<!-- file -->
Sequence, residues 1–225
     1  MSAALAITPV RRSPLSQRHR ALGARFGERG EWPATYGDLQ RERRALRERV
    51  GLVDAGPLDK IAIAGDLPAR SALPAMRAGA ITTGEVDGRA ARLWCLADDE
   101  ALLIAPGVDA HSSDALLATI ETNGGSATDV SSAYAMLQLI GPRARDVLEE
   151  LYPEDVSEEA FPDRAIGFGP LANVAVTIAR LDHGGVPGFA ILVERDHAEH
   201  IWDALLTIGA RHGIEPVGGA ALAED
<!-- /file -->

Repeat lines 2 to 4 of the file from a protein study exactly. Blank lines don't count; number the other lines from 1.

     1  MSAALAITPV RRSPLSQRHR ALGARFGERG EWPATYGDLQ RERRALRERV
    51  GLVDAGPLDK IAIAGDLPAR SALPAMRAGA ITTGEVDGRA ARLWCLADDE
   101  ALLIAPGVDA HSSDALLATI ETNGGSATDV SSAYAMLQLI GPRARDVLEE